Not two minutes after I had woken up my street, I believe that I woke up my entire postcode when the young firebrand Mary Fowler’s screamer of a deflected shot looped into the top corner to hand us back the lead, much to my ecstasy and the ecstasy of every self-respecting Australian football fan.
Sam Kerr further cemented her hero status by firing a header that crashed down off the crossbar into the back of the net following a slick kickoff routine and prompting my final round of fist-pumping celebrations. The fact that she also equalled Lisa De Vanna’s goal-scoring record for the Matildas made it even sweeter.
Yes, Ellen White would complete her hat trick (how often is it that the player who scores a hat trick is on the losing side?) and force some nail-biting final minutes for the Matildas, but when the final whistle went I felt more pride and relief than when I watched Macarthur FC win their first match over the Wanderers.
It was a genuinely entertaining and absorbing game that was a blockbuster in every sense of the word.
But what made it better than the Olyroos’ performances?
Well, for starters, there was almost none of the diving that even the most traditional football fans have come to expect from matches.
After a torrid month for the phenomenon following Ciro Immobile, Raheem Sterling and co. at the Euros and certainly not forgetting the painfully slow game the Olyroos had against Argentina (there seemed to be a player on the ground from both teams every five seconds), the lovely flow of the game even in the face of questionable tackles was a delight to see.
Instead of looking for a foul, players were looking for a route to release the pass. Even when Ellie Carpenter was being dragged towards the ground with an arm around her leg by one of the British midfielders, she still tried to make the pass work.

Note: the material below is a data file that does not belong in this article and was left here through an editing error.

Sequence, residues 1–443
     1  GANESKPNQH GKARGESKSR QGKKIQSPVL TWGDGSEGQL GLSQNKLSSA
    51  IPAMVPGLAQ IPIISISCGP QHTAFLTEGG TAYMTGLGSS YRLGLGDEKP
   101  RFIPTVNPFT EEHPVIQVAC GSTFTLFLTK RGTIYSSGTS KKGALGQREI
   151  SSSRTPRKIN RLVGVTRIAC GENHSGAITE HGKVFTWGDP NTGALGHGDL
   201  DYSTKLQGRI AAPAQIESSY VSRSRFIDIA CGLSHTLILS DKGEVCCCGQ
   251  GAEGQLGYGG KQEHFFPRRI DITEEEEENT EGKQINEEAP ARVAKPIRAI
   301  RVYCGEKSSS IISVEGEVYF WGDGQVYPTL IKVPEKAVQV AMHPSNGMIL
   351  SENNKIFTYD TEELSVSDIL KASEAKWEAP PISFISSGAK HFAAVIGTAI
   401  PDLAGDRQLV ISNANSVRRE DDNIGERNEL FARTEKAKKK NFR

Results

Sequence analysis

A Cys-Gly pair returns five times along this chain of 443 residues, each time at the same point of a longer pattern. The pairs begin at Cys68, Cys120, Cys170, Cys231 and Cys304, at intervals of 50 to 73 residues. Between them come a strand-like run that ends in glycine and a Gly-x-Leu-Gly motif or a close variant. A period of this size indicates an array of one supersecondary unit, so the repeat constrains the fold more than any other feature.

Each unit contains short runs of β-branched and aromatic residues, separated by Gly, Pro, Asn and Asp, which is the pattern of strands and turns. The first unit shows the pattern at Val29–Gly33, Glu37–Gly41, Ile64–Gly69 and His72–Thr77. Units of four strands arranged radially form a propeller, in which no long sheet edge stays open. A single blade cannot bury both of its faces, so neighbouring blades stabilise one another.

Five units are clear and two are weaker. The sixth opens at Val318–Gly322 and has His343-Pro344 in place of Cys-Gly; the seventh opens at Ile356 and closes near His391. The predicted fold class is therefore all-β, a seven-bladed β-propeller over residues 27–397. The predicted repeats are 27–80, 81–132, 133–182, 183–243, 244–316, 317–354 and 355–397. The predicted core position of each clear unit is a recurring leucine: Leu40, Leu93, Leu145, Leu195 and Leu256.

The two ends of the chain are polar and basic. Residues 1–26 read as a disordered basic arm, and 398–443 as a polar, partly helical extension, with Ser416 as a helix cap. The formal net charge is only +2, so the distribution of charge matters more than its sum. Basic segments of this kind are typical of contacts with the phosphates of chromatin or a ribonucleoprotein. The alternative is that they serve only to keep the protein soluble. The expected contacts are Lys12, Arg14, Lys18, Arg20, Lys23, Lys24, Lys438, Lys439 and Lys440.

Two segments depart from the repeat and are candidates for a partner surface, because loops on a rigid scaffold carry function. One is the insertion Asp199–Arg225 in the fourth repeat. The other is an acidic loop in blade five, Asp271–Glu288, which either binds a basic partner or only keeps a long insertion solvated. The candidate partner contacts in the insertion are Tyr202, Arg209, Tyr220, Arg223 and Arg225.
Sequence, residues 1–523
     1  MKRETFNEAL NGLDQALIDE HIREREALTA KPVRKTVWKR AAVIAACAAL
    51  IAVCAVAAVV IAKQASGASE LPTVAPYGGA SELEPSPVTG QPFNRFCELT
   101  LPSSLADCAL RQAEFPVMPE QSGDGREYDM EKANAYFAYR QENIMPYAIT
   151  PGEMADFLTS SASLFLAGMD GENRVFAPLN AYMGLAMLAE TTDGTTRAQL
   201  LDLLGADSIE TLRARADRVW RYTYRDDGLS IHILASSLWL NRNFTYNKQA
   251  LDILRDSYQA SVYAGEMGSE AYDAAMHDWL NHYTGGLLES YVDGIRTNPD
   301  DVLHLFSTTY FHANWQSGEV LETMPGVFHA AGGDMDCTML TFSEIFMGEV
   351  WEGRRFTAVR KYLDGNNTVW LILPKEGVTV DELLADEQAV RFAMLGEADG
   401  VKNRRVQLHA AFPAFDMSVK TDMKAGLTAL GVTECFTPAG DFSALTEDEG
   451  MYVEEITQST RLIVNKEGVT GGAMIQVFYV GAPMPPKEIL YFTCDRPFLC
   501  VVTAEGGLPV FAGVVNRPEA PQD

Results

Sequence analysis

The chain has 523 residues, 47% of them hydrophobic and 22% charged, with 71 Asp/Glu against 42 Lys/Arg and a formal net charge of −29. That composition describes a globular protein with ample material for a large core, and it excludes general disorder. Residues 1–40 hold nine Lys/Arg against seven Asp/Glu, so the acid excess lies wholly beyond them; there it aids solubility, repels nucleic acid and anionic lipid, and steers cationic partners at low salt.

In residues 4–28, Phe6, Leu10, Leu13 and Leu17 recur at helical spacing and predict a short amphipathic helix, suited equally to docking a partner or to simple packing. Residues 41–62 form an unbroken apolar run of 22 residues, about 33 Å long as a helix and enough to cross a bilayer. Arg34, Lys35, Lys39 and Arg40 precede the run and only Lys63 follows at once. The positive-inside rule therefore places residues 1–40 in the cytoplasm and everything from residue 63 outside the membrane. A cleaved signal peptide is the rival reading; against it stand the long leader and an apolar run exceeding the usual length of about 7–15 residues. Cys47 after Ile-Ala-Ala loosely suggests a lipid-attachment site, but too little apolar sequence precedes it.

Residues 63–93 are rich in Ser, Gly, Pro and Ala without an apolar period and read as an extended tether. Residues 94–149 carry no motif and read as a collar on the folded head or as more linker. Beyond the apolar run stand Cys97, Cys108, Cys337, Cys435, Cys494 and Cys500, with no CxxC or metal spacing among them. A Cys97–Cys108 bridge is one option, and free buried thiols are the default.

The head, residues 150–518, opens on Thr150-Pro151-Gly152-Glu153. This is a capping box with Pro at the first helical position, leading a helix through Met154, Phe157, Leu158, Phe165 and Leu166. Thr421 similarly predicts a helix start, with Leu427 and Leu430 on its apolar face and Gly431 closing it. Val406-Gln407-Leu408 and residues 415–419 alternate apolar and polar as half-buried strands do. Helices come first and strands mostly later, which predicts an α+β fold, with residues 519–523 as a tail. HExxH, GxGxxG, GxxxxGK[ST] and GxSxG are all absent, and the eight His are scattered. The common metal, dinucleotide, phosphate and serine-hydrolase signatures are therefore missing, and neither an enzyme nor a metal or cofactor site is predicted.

It’s an intoxicating thing to see in the modern game and the vast majority of Matildas matches I have watched are thankfully devoid of diving.
Also, anyone who says the standard of play in the women’s game is lacking needs to wake up to themselves. The Matildas’ games at this Olympic tournament have been free-flowing, attacking football complemented with some outstanding defence, completely unlike the slow, laborious style that dominated most of the Olyroos’ games.
The men’s match against Spain was the only exception, mainly due to the outstanding talent on display in our opposition’s ranks (do Pedri, Mikel Oyarzabal, Dani Olmo ring any bells from the Euros?) rather than our own sullen play.
It makes the Matildas’ games a lot more appealing than the Olyroos from a spectator’s point of view.
Frankly, as we head into the final stages of the tournament, our standard of play will only increase. We’re poised and primed to do something that very few Australian national football teams have done: win a major international tournament.
If we win, these women will etch their names into the annals of Australian football as true legends. Come to think of it, even if we don’t win, they’ll be etched in anyway, because of the sheer spectacle and ray of hope that our Matildas have provided us during these dark COVID-19 days.
And make no mistake, they are our Matildas. I was expecting myself and the rest of Australia to be proud of this team in 2023 when we host the World Cup.
The fact that the nation is already beaming with pride shows that even if we shake our heads about the men’s national teams, we will always be able to wake up our neighbours while cheering our Matildas to gold.